I would say the mountain bike community is very inclusive of women now it's gotten so much more normalised.
I can see women’s cycle days popping up all over the place. At different parks; and there's loads more in the way of women's clothing. Yeah, I just feel like the women's scene is gaining a lot of traction. But I don't see many black or mixed-race riders at all.
I've had to really search for them. And that comes back around to the point about seeing myself in something I love which I didn’t see playing with Barbies when I was younger and in didn't see it in the baby dolls we had. I didn't see it in ornaments and things that that my grandma had that I loved, I never saw anything black; anyone black or any black skin.
And here we are in 2023, and I still don't see myself in a sport that I love.
What is the mountain bike community doing to engage mixed race and black riders?
I do wonder if there is something stopping others? I don't know. That's my question, I suppose. There's a group in the UK on Instagram called @mtb_colour_collective (mountain bike colour collective)
but they're more northern based. There's a few more Asian riders, and it certainly feels like more get togethers and gatherings are more up north.
However, they're doing a lot to raise the profile. Other than that, I haven't really seen anything that's obvious or widespread to engage riders of colour to get on their bikes.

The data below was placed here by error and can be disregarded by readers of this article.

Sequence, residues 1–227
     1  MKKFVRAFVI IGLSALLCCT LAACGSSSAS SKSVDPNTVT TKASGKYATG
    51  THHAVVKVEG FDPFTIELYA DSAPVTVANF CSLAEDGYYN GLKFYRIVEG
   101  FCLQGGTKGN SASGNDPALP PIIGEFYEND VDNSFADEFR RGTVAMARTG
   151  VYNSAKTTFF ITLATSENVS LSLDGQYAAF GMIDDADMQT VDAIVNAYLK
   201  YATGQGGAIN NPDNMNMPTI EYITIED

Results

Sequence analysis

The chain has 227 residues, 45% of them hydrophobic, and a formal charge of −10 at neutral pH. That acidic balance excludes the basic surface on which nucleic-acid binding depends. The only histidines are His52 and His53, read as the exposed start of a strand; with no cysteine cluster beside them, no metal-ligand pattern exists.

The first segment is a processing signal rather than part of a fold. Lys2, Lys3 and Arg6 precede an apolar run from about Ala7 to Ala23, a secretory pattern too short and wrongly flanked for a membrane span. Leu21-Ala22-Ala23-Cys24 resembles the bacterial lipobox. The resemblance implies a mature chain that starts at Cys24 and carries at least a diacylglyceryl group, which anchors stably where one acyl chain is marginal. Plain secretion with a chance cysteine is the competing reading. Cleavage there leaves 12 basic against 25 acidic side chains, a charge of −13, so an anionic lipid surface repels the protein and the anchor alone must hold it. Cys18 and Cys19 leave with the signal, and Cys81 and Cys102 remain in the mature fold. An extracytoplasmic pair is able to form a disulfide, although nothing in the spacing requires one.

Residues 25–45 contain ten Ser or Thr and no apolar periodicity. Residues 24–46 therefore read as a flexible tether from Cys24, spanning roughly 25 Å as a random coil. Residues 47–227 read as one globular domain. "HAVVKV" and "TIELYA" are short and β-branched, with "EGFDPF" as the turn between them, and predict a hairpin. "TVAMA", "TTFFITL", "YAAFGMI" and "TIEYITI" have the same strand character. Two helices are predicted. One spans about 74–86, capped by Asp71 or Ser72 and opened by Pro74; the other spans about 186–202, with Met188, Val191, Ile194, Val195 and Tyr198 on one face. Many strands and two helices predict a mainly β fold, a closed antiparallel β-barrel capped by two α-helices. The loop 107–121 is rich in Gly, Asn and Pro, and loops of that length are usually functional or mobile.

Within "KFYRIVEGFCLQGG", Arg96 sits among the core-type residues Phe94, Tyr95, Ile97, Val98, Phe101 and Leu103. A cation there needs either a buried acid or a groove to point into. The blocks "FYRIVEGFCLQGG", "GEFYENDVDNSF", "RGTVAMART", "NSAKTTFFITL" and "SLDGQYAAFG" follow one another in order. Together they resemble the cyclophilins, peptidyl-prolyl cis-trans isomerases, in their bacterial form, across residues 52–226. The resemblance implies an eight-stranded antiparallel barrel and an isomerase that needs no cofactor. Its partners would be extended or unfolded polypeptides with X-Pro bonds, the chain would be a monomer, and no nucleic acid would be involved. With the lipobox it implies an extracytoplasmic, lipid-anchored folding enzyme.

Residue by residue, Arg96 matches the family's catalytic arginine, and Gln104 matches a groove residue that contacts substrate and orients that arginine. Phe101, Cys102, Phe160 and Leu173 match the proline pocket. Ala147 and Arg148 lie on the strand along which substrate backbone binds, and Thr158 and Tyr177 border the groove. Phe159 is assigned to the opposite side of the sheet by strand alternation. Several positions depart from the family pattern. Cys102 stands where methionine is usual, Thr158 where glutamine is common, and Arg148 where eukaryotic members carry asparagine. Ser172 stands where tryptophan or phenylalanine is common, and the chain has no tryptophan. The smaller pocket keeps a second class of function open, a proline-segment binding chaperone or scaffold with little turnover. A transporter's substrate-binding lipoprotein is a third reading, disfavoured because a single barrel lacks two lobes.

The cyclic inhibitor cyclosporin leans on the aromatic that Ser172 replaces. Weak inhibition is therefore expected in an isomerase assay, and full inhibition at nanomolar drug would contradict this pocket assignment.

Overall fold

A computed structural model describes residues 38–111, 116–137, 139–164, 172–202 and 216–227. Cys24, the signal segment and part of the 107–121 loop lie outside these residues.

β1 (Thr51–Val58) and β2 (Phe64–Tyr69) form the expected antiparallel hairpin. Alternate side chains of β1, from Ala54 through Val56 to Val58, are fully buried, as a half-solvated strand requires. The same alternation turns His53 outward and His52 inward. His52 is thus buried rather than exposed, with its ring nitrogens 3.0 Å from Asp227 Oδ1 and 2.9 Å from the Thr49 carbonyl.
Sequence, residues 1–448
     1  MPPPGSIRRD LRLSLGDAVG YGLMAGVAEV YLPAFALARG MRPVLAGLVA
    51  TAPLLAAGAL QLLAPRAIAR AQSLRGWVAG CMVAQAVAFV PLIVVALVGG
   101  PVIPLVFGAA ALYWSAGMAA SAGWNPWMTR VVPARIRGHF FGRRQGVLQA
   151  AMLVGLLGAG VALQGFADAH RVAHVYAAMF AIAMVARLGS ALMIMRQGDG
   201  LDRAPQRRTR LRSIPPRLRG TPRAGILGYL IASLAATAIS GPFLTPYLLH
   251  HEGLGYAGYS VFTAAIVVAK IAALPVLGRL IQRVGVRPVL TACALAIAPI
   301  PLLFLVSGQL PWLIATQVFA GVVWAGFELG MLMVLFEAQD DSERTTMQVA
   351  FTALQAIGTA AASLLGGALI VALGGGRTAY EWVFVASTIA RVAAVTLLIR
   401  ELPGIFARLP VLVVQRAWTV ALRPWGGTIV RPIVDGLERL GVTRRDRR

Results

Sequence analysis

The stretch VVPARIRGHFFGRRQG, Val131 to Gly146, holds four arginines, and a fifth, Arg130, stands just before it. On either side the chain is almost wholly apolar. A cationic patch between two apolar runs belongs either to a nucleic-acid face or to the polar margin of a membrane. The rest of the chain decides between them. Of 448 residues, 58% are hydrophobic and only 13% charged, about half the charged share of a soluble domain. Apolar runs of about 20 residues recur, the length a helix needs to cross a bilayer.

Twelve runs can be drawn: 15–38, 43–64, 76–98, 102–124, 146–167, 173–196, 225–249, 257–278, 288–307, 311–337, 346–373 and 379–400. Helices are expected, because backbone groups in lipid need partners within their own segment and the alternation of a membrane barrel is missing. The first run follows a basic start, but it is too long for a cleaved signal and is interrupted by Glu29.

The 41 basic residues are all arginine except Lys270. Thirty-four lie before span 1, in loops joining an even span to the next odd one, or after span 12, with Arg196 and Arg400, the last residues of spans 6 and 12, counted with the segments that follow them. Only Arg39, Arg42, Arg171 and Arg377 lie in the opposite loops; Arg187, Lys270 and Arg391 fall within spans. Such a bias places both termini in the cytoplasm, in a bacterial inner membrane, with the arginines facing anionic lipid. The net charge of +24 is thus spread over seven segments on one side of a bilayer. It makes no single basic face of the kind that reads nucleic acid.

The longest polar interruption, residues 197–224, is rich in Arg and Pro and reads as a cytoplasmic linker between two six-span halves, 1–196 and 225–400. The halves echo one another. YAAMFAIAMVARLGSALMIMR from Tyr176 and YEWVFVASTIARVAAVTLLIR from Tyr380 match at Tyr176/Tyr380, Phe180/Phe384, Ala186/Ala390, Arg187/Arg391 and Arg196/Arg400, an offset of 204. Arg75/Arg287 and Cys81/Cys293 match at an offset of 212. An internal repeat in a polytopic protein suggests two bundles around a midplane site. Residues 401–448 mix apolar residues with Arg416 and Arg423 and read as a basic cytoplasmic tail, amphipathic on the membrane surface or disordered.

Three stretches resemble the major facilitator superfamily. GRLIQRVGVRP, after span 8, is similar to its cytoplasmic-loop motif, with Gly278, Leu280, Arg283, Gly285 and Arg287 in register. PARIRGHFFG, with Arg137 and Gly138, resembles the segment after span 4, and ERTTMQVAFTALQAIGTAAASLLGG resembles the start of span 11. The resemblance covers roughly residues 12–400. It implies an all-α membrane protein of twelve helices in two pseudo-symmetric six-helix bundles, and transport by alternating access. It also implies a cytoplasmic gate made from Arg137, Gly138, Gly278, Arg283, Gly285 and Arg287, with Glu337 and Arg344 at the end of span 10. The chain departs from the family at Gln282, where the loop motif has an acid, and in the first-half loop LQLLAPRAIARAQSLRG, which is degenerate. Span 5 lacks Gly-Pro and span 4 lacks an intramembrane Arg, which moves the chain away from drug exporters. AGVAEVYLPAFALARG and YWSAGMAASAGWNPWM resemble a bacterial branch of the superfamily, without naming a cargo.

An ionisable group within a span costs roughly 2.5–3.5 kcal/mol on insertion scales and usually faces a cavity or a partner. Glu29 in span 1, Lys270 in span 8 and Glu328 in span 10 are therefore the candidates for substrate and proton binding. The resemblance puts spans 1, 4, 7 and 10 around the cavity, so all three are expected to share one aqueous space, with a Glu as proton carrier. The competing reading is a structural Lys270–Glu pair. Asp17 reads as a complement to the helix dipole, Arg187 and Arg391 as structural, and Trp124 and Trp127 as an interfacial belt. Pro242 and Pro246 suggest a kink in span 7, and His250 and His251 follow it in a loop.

How are bike parks helping women?
I don't know many other bike parks that have a female at the helm. I'm sure there are, but I would just love to do more about to do it. That would be amazing.
There are some complications as well about things bipod wise that that haven't been thought when it comes to women in mountain biking. For example, take the biggest mountain bike park, Bike Park Wales, they have a visitor centre you have to ride from to get to the uplift, which then takes you up the mountain, but the only toilets for women are at the Visitor Centre. So, if you're on your period, you have to go all the way back to the visitor centre
How does the community embrace equity in my area ?
I can't see that it does in Devon at all as I haven't seen any examples of people of colour being drawn into cycling. And if I'm honest, in a small town in rural Devon, I wonder how they would anyway, because there's so few of us, let alone finding a group of us who want to go riding.
My hopes for the cycling community is that I'd like to see more representation in advertising in race entries and in adverts.
If I think about Christmas adverts from major food supermarkets, they're much more equal. I see my family now where I never used to. But I don't see myself in the mountain bike world at all. I'd like to see some movement on that far away from white males to see more women and to see more people of colour
What advice can I give to girls and of colour to take up cycling?
It truly comes down to being as basic as being a face in it; getting them to see themselves, and that they're not the only one - they don't stick out and that they do fit in.